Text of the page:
The Pediatric Gastroenterology Unit of what was known as the Children’s Service at Massachusetts General Hospital was established in 1972. The unit’s first director, Allan Walker, MD, trained in Pediatrics and Immunology at the University of Minnesota Hospitals under Robert Good, MD. Since no pediatric gastroenterology (GI) training programs existed in 1969, Dr. Walker left pediatrics for three years to train as an adult GI fellow with Dr. Kurt Isselbacher on the Medical Service at Mass General.

Once established, the nascent Pediatric GI Unit received substantial impetus by aligning itself with the well-established and nationally recognized GI Unit of the Medical Services at Mass General. Pediatric GI fellows could take rotations in medical GI, attend and participate in weekly GI Grand Rounds and journal clubs as well as the weekly research conference. Since Pediatric GI had no NIH training grant at its beginning, Dr. Isselbacher graciously allowed the Pediatric GI fellows to be funded on his training grant during their two year period of research fellowship.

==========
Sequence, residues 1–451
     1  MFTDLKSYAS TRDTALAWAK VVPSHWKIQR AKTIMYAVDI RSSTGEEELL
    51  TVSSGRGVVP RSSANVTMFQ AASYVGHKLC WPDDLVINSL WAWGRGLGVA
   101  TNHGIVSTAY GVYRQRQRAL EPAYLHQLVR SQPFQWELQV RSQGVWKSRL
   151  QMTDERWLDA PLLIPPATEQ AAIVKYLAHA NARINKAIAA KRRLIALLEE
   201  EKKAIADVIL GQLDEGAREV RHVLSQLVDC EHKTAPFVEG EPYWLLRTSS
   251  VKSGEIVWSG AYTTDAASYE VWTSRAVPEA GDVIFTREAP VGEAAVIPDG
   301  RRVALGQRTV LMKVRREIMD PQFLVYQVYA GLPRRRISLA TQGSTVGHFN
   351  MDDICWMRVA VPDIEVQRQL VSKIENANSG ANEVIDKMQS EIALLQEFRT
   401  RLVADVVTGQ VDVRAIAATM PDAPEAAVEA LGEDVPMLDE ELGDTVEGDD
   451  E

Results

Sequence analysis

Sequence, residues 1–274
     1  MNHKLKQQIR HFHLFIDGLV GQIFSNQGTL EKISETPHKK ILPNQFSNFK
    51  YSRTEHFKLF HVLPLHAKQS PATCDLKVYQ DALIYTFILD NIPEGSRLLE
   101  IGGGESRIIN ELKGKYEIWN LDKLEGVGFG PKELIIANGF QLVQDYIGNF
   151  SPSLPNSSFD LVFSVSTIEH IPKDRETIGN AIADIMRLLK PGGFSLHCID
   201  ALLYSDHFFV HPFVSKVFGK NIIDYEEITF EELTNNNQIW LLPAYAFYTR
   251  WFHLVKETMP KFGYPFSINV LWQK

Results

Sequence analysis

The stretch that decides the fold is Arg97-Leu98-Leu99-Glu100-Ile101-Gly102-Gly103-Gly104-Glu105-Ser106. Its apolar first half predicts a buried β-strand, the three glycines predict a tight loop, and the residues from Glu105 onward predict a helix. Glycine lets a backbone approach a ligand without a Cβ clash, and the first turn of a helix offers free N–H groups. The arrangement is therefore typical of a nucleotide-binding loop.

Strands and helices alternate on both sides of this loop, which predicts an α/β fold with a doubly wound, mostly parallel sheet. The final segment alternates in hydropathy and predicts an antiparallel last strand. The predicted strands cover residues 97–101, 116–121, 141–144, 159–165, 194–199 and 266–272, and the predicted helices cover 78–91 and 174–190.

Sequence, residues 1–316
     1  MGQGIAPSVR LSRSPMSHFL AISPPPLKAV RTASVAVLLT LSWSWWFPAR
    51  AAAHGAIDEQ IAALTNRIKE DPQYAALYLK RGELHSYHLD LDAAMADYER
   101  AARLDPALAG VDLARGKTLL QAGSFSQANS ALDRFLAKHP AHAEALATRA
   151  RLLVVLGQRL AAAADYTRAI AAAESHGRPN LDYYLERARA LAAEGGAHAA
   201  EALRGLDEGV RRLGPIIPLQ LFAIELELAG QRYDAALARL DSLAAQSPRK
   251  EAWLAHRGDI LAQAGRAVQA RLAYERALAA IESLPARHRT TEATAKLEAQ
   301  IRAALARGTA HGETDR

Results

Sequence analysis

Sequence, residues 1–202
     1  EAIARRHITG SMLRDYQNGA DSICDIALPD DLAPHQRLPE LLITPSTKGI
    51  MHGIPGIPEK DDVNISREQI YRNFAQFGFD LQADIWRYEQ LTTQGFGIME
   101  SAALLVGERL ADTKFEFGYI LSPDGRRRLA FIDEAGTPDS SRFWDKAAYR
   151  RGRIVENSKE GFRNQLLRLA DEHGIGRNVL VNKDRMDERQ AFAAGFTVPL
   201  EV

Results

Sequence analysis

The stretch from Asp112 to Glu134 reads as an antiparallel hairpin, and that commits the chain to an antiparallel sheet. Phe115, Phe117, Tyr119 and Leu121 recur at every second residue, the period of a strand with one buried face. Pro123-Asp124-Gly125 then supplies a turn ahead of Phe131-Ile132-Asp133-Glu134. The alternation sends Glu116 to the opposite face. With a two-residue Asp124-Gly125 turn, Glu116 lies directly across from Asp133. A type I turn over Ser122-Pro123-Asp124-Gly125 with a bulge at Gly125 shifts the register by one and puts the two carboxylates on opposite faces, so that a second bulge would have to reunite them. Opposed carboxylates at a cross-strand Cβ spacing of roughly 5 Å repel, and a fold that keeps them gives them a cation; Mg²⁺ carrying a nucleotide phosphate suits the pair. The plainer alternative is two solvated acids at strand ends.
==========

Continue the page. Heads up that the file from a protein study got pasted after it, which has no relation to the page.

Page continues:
This close working relationship with Adult GI has continued to be a major strength of the Pediatric GI program at MassGeneral Hospital for Children and has led to many collaborations in both basic and clinical research over the years, most recently with the support of Dr. Daniel Podolsky, who followed Dr. Isselbacher as Chief of the GI Unit at Mass General and Dr. Ramnik Xavier, who has followed Dr. Podolsky. Since GI subspecialty patients frequently require ongoing care beyond the cut off period of 21 years for pediatrics, it is helpful to have transitional care by both pediatric and medical gastroenterologists until the patient adjusts to a new situation. This is done seamlessly and provides outstanding continuity of patient care at Mass General.

Over the next 10 years after its inception, the pediatric unit flourished. Pediatricians in training became aware of the potential of gastroenterology as a subspecialty and Pediatric Department chairmen recognized the expanding field required more expertise than that provided by the General Academic Pediatrician. In addition, specialized procedures (liver biopsy, endoscopy, pH probes, etc.) became part of the practice of gastroenterology and could only be done by specially trained pediatric gastroenterologists. With the recognition that many gastrointestinal and hepatic conditions occurred in the pediatric age period and were more complex than conditions encountered in adult GI medicine, many pediatricians, interested in the pathophysiology of disease, were attracted to choose pediatric gastroenterology as a subspecialty.